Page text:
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Abstract and Applied Analysis
Volume 2013 (2013), Article ID 715258, 6 pages
http://dx.doi.org/10.1155/2013/715258
Research Article

Explicit Solutions of Singular Differential Equation by Means of Fractional Calculus Operators

Department of Mathematics, Firat University, 23119 Elazig, Turkey

Received 8 July 2013; Revised 6 September 2013; Accepted 10 September 2013

Academic Editor: Juan J. Trujillo

Copyright © 2013 Resat Yilmazer and Okkes Ozturk. This is an open access article distributed under the Creative Commons Attribution License, which permits unrestricted use, distribution, and reproduction in any medium, provided the original work is properly cited.

Abstract

Recently, several authors demonstrated the usefulness of fractional calculus operators in the derivation of particular solutions of a considerably large number of linear ordinary and partial differential equations of the second and higher orders. By means of fractional calculus techniques, we find explicit solutions of second-order linear ordinary differential equations.

1. Introduction, Definitions, and Preliminaries

The widely investigated subject of fractional calculus (i.e., calculus of derivatives and integrals of any arbitrary real or complex order) has gained considerable importance and popularity during the past three decades or so, due chiefly to its demonstrated applications in numerous seemingly diverse fields of science and engineering (see, for details, [16]). The fractional calculus provides a set of axioms and methods to extend the coordinate and corresponding derivative definitions from integer to arbitrary order , in a reasonable way. The first question was already raised by Leibniz (1646–1716): can we define a derivative of the order , that is, so that a double action of that derivative gives the ordinary one? We can mention that the fractional differential equations are playing an important role in fluid dynamics, traffic model with fractional derivative, measurement of viscoelastic material properties, modeling of viscoplasticity, control theory, economy, nuclear magnetic resonance, geometric mechanics, mechanics, optics, signal processing, and so on.

The differintegration operators and their generalizations [716] have been used to solve some classes of differential equations and fractional differential equations.

Some of most obvious formulations based on the fundamental definitions of Riemann-Liouville fractional integration and fractional differentiation are, respectively, where , being the set of positive integers and stands for Euler’s function gamma.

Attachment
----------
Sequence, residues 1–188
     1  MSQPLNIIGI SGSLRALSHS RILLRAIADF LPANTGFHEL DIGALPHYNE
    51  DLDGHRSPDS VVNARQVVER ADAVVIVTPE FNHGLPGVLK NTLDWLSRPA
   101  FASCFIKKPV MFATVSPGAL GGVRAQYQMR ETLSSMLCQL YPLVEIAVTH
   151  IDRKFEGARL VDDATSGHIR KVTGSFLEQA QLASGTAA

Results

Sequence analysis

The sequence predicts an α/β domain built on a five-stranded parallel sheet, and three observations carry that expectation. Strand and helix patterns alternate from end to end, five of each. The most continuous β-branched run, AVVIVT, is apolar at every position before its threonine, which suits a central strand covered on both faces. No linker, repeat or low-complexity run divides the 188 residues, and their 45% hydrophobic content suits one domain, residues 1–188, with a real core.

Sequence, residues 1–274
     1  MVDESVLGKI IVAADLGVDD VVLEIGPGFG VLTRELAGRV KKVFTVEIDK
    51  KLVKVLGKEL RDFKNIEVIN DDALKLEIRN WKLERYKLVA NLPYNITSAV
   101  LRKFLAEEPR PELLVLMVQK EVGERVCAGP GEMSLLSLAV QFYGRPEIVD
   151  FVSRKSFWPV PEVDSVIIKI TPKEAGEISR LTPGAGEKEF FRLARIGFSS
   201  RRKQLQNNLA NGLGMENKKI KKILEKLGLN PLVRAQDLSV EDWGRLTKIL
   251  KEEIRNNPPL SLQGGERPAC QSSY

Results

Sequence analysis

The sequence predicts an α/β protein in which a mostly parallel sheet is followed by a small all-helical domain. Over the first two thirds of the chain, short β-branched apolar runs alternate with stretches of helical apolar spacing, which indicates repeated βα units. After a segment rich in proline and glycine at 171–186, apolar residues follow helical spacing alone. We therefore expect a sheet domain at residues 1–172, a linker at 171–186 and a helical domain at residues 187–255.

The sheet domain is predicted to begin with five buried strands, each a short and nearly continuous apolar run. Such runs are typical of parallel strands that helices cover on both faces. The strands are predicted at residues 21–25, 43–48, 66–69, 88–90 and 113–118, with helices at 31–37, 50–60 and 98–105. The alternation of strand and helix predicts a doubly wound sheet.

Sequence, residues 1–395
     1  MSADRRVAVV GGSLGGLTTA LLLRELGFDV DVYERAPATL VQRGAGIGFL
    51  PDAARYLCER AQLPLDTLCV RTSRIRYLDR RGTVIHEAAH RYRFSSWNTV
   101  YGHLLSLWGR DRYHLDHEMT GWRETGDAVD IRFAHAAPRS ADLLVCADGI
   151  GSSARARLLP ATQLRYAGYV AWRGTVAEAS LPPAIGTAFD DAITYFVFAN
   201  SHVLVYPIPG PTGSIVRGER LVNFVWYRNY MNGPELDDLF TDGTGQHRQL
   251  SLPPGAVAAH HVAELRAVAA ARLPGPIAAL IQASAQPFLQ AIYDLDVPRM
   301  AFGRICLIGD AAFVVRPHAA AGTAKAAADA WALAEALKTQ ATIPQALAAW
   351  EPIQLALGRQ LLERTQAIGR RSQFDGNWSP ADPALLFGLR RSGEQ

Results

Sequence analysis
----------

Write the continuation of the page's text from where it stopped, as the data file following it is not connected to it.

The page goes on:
Definition 1 (cf. [1014, 17]). If the function is analytic (regular) inside and on , where , is a contour along the cut joining the points and , which starts from the point at , encircles the point once counter-clockwise, and returns to the point at ,  and is a contour along the cut joining the points and , which starts from the point at , encircles the point once counter-clockwise, and returns to the point at , where , then    is said to be the fractional derivative of of order and is said to be the fractional integral of of order , provided (in each case) that

We find it to be worthwhile to recall here the following useful lemmas and properties associated with the fractional differintegration which is defined above (cf., e.g., [1014, 18]).

Lemma 2 (Linearity). Let and be analytic and single-valued functions. If and exist, then where and are constants and ; .

Lemma 3 (Index Law). Let be an analytic and single-valued function. If and exist, then where and , and .

Lemma 4 (Generalized Leibniz Rule). Let and be analytic and single-valued functions. If and exist, then where ; and .

Property 1. For a constant ,

Property 2. For a constant ,

Property 3. For a constant ,

Some of the most recent contributions on the subject of particular solutions of linear ordinary and partial fractional differintegral equations are those given by Tu et al. [19] who presented unification and generalization of a significantly large number of widely scattered results on this subject. We begin by recalling here one of the main results of Tu et al. [19], involving a family of linear ordinary fractional differintegral equations, as Theorem 5 below.